Tagged With habits

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Recently, the nonprofit privacy advocacy organisation Electronic Frontier Foundation announced the passing of its founder, John Perry Barlow. He was 70. In addition to his groundbreaking work at EFF and his contributions to the Grateful Dead as a lyricist (Cassidy, anyone?), he established a set of guidelines by which all grown ups should operate.

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If you've read into health and fitness at all, you've probably seen variations of "breakfast is the most important meal of the day", "eat breakfast to kickstart your metabolism" or perhaps "skip breakfast and die". As it turns out, all of that is probably wrong.

Predicting the future is near impossible -- but that doesn‘t stop us all from having a red hot go. Human beings have been predicting the future since the beginning of history and the results range from the hilarious to the downright uncanny.

One thing all future predictions have in common: they‘re rooted in our current understanding of how the world works. It‘s difficult to escape that mindset. We have no idea how technology will evolve, so our ideas are connected to the technology of today.

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The start of a new year is, of course, the perfect time for a fresh start. There's the metaphorical power, plus the numerical ease of counting days and months of success from Jan 1. But balanced against the celebratory excess and indulgence of the holiday season, New Year's resolutions can, sadly, tend towards abstinence.

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If you're trying to kick a bad habit, try rewarding yourself with something in its place rather than punishing yourself when you fail. Habits are often so rooted in our subconscious that we don't even realise we're doing them, which can make stopping one that's bad for us especially hard to handle.

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"Self-improvement" is a tricky framework for resolutions. We take the phrase for granted, but what is it really saying? That changing a lifestyle habit improves your very self? That implies moral value to your choices, labelling some habits intrinsically "good" and others "bad". This ends up at the idea that your lifestyle choices affect your inherent worth and value as a person. And honestly, that sucks.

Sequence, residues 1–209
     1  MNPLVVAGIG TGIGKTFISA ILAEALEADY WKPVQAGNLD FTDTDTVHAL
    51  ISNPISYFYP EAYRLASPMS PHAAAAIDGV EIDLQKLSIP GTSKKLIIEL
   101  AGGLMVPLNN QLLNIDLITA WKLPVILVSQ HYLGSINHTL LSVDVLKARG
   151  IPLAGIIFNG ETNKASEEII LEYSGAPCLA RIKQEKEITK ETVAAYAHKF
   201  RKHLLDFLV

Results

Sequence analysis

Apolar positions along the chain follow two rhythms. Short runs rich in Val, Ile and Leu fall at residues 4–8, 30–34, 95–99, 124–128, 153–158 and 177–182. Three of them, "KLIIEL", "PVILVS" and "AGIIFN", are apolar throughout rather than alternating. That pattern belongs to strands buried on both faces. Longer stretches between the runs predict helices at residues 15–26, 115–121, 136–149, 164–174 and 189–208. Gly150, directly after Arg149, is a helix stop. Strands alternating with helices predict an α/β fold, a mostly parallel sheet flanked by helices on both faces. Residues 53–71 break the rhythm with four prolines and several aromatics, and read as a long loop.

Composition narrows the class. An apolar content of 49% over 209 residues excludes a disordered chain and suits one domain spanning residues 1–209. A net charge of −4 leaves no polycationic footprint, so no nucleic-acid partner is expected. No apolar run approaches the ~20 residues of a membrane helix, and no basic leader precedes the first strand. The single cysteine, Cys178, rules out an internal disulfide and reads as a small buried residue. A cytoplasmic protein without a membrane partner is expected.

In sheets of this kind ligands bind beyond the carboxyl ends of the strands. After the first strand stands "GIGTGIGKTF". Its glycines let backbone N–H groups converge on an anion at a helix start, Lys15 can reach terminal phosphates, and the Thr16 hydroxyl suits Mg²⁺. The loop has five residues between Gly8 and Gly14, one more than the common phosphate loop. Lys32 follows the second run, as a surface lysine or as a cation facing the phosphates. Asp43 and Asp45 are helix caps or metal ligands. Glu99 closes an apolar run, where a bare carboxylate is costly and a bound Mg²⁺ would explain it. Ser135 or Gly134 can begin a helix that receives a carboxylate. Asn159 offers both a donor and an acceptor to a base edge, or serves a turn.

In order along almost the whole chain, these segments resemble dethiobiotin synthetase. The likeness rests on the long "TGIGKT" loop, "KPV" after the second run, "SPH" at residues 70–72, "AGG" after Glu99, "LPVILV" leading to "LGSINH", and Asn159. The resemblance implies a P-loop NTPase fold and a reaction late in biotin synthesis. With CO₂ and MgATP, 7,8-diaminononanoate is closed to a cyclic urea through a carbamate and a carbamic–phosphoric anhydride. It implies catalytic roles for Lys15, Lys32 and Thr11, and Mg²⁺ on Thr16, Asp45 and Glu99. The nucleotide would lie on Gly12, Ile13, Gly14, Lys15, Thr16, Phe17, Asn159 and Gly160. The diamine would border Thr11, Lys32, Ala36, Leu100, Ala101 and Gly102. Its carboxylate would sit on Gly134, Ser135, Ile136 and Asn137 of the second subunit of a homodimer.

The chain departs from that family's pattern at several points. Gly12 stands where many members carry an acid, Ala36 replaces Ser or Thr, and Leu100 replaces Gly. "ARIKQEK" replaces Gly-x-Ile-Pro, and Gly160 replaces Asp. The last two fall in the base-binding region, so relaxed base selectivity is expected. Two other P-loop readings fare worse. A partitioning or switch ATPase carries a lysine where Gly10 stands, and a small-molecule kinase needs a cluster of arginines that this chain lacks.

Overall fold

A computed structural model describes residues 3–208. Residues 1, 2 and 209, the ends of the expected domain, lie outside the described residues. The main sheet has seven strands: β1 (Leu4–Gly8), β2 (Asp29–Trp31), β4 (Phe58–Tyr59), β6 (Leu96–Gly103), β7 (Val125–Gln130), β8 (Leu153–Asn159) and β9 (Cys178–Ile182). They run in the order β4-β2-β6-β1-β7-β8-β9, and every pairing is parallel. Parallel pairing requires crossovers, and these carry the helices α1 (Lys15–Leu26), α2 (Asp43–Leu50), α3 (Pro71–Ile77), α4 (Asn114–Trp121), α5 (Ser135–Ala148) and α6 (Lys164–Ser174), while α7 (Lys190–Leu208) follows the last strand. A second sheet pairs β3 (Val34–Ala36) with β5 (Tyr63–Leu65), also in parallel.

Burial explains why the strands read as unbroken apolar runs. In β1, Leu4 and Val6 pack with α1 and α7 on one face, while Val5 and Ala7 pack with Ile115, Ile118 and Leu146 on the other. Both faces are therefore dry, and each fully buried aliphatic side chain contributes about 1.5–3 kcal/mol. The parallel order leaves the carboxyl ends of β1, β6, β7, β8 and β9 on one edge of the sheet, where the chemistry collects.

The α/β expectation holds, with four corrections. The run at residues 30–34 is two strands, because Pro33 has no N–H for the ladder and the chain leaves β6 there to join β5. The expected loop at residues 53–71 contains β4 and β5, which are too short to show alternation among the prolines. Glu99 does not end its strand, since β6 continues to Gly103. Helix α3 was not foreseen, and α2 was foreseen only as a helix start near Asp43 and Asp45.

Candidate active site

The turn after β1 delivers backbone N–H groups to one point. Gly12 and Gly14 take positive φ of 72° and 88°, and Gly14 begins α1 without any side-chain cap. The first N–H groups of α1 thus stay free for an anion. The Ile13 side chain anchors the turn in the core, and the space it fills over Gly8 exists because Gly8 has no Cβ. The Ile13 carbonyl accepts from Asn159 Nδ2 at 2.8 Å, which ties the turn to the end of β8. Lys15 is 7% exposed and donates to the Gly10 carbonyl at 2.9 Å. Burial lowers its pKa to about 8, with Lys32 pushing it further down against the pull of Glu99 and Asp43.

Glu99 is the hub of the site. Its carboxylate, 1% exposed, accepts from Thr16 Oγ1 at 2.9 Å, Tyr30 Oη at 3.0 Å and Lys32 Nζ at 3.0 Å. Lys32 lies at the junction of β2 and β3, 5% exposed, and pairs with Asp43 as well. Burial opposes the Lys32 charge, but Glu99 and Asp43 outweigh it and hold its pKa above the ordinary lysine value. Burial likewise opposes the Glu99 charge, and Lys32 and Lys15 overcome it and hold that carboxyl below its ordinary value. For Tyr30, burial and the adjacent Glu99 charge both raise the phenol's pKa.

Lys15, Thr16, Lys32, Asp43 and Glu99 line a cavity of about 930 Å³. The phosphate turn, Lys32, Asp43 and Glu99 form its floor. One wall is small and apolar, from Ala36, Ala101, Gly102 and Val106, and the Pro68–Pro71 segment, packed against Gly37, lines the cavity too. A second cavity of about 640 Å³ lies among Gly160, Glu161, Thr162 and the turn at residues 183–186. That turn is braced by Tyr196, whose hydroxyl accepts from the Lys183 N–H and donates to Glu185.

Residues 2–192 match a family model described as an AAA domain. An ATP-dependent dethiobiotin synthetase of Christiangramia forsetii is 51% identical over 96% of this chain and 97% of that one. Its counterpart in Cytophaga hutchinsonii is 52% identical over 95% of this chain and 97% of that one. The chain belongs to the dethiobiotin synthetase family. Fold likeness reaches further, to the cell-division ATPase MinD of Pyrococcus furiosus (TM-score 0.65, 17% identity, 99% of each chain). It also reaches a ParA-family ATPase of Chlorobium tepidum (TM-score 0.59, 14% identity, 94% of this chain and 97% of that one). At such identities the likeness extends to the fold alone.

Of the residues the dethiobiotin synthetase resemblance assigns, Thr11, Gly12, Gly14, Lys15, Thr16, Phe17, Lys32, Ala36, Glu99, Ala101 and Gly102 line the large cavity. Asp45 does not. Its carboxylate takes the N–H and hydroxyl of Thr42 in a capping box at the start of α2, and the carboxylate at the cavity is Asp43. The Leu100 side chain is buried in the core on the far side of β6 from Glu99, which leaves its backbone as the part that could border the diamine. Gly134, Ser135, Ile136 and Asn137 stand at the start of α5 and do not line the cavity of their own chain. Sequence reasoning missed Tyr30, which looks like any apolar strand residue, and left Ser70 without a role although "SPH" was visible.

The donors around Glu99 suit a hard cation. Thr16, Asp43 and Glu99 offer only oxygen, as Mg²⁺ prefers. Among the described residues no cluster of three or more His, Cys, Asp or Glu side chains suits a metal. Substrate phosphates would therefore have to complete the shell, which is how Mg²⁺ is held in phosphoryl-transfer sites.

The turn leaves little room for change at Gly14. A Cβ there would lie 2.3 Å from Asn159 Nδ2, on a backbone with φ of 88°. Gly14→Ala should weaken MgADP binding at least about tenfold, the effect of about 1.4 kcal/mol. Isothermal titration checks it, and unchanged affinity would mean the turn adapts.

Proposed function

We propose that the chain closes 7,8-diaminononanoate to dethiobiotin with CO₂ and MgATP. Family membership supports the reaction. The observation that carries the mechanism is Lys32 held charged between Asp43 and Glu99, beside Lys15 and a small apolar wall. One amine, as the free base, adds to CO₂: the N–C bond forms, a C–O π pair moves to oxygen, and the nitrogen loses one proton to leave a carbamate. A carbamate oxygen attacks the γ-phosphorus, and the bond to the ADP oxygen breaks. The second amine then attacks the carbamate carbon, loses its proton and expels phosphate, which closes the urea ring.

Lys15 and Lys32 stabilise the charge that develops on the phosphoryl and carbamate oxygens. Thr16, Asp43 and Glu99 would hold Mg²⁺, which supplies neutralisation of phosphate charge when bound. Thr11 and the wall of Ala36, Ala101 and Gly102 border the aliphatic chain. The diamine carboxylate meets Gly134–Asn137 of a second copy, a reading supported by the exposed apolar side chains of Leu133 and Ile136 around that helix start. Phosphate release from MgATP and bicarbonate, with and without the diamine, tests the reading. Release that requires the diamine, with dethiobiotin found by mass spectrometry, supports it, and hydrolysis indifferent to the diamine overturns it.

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Staying motivated enough to work toward our goals can be tough. The minutia of life can get in the way of our lofty dreams - which is where the non-zero method comes in. The idea is simple: Do just one thing every day that help you move toward what you want to achieve. Even if that's just performing one sit up or drinking a glass of water, at least you'll have made some progress.

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Maxis's video game The Sims teaches an important lesson about human behaviour: Most of the time, we're just trying to meet a set of basic needs. In the world of the Sims, those needs are hunger, comfort, hygiene, bladder, energy, fun, social, and room, each represented by a slowly depleting bar. And they're so true to life that you should check your own before you leave home or start a long trip.

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The most frustrating thing about a phone addiction is that unlike actual substance abuse, the solution is not to stop using it completely. Instead, we have to find ways to use this technology responsibly, fighting apps overtly designed to steal our time.

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I once showed up to a party alone, before any of my friends arrived. Instead of mingling, I hid in the bathroom to kill time and avoid talking to strangers. Embarrassing but true. For a shy person, social interaction can be a stomach-churning, anxiety-filled experience. It was for me, but I was able to get it under control with some work and become comfortable talking to strangers.

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You might call them "distractions". Maybe you call them your "to-do list". Whatever words you use, they're the things that keep pulling you away from what you should be doing right now. These habits require your reaction, and they get in the way of real productivity.